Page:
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What is Blossom End Rot?

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  • Written By: Mary McMahon
  • Edited By: O. Wallace
  • Last Modified Date: 29 October 2016
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Blossom end rot is a disease which strikes melons, tomatoes, peppers, and eggplants. It is characterized by the development of a sunken, pitted area at the blossom end of the fruit, with the end of the fruit ultimately turning brown or black as it rots and withers away. The rest of the fruit may also fail to mature once blossom end rot develops. This condition is caused primarily by a lack of calcium, which inhibits the growth of the fruit, and a number of steps can be taken to control and prevent it.

In addition to calcium deficiency, two other things contribute to the development of blossom end rot: watering habits and temperatures. If plants are watered unevenly, they are at increased risk of developing the disease, and likewise if temperatures fluctuate radically. Gardeners should always water plants deeply, evenly, and regularly, and plants should be covered in cold weather to prevent blossom end rot and other problems.

The best way to deal with blossom end rot is to prevent it. Before planting, the soil should be amended with compost and fertilizer to provide lots of nutrients to the growing plants. It should also be amended with materials which will promote drainage, and some gardeners like to include lime to up the calcium levels. Once plants are established, mulching to help them retain moisture is recommended, as is providing support to keep fruit, vines, and leaves off the ground.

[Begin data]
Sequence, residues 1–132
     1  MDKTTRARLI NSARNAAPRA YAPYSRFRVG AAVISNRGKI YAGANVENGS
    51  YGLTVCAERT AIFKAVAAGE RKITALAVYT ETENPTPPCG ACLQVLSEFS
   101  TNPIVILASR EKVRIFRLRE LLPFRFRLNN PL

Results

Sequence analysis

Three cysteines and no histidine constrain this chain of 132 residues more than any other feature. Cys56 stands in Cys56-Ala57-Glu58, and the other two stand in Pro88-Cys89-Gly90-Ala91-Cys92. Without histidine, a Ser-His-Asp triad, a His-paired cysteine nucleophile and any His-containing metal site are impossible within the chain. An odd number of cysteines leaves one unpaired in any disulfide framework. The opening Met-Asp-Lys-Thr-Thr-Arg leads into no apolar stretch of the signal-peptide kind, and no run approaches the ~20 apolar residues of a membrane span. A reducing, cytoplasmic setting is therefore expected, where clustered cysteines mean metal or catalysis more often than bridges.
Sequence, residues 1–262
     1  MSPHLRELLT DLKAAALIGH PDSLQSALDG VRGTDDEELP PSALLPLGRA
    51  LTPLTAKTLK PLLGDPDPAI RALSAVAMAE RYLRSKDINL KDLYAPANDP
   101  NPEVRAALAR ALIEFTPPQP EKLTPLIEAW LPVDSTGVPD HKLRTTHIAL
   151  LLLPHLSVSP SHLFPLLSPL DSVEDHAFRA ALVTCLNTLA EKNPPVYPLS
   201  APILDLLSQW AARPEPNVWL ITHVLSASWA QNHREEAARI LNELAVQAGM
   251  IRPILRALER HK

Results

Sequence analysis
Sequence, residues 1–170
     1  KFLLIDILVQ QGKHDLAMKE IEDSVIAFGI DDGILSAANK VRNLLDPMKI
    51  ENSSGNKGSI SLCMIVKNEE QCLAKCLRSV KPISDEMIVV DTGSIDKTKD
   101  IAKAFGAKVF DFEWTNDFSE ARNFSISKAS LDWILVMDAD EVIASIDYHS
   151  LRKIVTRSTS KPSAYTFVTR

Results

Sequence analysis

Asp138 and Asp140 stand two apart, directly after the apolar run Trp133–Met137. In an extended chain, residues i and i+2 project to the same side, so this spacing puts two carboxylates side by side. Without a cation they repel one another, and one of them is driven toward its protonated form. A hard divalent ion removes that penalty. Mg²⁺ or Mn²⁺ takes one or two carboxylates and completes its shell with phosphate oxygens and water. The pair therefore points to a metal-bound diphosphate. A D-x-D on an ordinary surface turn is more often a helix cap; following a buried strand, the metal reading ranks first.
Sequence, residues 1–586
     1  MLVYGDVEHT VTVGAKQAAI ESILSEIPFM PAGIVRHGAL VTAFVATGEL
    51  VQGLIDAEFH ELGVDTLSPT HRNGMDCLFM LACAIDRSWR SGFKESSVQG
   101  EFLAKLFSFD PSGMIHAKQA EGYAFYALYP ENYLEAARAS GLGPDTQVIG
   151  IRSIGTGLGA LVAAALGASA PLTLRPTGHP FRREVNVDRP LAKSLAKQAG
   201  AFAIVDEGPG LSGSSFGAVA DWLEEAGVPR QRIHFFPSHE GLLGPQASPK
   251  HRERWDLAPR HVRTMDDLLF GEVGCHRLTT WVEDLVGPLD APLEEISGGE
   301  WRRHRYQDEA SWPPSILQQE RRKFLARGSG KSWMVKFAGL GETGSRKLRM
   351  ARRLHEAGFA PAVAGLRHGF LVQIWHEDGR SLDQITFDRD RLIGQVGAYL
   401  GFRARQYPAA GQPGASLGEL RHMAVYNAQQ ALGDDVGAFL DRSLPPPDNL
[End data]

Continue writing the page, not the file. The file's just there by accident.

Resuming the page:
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If blossom end rot does develop, the diseased fruits should be removed. Normalizing watering habits and providing supplemental nutrition to the plant can help to arrest the spread of blossom end rot, although sometimes the situation may progress so far that it's better to rip out the plant entirely.

Blossom end rot does not spread, although plants grown together will all develop blossom end rot if the growing conditions are poor. If blossom end rot does develop in your crop, it's a sign that you need to add more fertilizer and amendments to the soil next year in order to prevent it. These crops also like to be rotated, and you should not plant tomatoes, melons, peppers, and eggplants in the same spot year after year, because they strip the soil of nutrients. Planting beans or herbs for a few years can help restore the soil, especially if these crops are mulched back in during the winter.

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